Five players made their Nashville Predators debut in Thursday’s season-opening 4-2 loss to the Blues at St. Louis – and none of them eased into it.
All played significant roles, which – in most cases – was to be expected. More than in most years, changes to the roster are considered paramount to the team’s success this season.
Yet this was the first time in five years the Predators failed to get at least a point out of their first game.
A look at how Nashville’s new players fared:
• Carter Hutton, goalie: The most unlikely of the newcomers to have any impact on the game might have had the largest of the bunch. He was inserted after Pekka Rinne allowed three goals on six shots in the first 9:45.
In just his second NHL appearance, Hutton made 21 saves on 22 shots and settled things to the point that the Predators actually got within a goal when David Legwand scored at 5:09 of the second period.
• Seth Jones, defense: He and defense partner Mattias Ekholm led Nashville with plus-2 ratings. The first-round draft pick was third among defensemen in ice time (18:35), logged almost as much power play time as Shea Weber and had three shots on goal, tied for second on the team behind Roman Josi and Patric Hornqvist.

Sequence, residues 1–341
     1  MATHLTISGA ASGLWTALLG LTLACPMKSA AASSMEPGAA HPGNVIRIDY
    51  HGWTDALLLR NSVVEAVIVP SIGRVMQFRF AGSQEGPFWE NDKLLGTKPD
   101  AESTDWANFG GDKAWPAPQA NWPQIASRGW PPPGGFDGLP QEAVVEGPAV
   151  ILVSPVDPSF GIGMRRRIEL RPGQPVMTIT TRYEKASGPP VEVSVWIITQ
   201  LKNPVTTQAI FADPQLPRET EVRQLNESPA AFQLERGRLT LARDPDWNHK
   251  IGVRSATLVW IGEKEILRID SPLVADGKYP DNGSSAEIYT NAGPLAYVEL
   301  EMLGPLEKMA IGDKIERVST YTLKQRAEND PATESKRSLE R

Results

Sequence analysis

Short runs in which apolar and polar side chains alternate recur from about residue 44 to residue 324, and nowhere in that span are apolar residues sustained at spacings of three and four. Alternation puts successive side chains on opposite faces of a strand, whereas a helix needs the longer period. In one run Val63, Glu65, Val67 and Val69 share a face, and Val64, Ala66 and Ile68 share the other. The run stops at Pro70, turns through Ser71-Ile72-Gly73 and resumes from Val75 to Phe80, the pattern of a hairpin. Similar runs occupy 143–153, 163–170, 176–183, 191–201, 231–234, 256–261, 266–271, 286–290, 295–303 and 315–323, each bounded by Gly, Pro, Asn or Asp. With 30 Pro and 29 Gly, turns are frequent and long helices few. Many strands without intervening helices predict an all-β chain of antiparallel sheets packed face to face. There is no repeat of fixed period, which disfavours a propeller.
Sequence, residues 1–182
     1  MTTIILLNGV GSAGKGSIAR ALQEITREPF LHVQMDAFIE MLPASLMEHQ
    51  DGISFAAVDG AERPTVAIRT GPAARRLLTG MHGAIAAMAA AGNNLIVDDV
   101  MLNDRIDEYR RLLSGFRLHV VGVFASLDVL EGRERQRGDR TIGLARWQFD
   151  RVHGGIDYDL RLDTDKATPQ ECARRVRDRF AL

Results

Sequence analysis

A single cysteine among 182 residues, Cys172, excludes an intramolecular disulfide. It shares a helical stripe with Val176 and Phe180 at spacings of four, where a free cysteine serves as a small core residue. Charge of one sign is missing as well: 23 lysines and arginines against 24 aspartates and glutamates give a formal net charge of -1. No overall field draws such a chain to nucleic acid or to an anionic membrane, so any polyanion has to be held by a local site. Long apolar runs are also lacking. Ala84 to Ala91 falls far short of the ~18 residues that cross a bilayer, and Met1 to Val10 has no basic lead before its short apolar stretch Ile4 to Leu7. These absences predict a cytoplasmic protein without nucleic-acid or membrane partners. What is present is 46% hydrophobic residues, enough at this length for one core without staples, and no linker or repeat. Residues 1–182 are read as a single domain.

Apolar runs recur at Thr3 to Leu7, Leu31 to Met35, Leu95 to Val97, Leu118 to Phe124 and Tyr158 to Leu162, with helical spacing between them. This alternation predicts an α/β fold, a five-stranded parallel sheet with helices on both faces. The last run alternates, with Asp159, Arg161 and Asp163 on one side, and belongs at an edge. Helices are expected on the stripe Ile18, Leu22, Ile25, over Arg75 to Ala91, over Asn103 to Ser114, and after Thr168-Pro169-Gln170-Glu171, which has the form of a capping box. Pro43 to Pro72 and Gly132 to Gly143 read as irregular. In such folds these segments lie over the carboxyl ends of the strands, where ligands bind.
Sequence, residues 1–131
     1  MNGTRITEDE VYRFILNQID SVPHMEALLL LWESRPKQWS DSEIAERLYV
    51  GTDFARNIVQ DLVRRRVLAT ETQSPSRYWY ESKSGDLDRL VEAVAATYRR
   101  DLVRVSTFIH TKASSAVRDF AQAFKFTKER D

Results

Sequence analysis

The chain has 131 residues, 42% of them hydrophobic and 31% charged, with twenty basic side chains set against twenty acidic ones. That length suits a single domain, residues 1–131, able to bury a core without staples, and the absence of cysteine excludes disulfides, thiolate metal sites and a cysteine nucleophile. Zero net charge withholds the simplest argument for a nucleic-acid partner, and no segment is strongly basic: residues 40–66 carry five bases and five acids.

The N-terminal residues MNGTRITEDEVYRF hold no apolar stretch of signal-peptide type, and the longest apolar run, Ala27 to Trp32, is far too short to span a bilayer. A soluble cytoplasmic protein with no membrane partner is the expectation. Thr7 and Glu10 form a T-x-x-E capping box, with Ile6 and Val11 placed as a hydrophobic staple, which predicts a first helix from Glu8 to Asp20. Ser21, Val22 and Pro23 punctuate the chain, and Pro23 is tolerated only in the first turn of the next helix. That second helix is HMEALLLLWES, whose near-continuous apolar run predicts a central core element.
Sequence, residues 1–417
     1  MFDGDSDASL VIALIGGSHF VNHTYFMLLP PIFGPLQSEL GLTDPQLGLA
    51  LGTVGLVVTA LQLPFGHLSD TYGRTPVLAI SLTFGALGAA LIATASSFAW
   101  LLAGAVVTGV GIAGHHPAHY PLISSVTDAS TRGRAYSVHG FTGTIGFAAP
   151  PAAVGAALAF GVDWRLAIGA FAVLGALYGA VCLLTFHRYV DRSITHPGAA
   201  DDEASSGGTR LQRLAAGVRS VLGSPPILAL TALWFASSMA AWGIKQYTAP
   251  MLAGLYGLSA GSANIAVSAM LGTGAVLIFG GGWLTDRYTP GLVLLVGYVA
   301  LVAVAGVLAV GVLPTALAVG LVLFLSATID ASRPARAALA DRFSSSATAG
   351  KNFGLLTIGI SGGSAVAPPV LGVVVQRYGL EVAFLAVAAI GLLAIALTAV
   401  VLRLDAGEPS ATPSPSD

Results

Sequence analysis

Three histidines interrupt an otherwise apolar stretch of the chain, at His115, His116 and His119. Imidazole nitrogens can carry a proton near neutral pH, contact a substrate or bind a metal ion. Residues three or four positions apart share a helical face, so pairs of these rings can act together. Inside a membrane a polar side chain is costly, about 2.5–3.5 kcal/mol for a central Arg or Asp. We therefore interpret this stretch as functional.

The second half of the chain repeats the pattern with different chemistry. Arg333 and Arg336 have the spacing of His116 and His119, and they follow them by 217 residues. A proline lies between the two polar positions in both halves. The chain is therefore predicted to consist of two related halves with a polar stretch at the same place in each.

His ability to read the play was apparent throughout the contest, and as time ran short he showed more willingness to join the rush in an effort to create offense.
• Matt Hendricks, left wing: He played on a line with center Paul Gaustad and right wing Rich Clune that might have been Nashville’s best. The three maintained a lot of offensive zone time and each had at least one hit and one shot on goal.
For all of its activity, though, that line, which was designed for defense, did not score.
• Eric Nystrom, left wing: He missed the first half of the third period because he was assessed a 10-minute misconduct at the end of the second. When he was on the ice, however, he was plenty active. He had three shots to go along with a team-high three hits and had an assist on the Predators’ first goal.
• Matt Cullen, center: He got things off on the wrong foot when he committed the game’s first penalty, a trip 2:02 into the contest. Three seconds later, the Blues led 1-0. He was on the ice a little more than three minutes later when St. Louis scored its first even-strength goal and went ahead 2-0.
He lost six of nine faceoffs and led all Nashville forwards in power play time. The power play, though, was 0-4.
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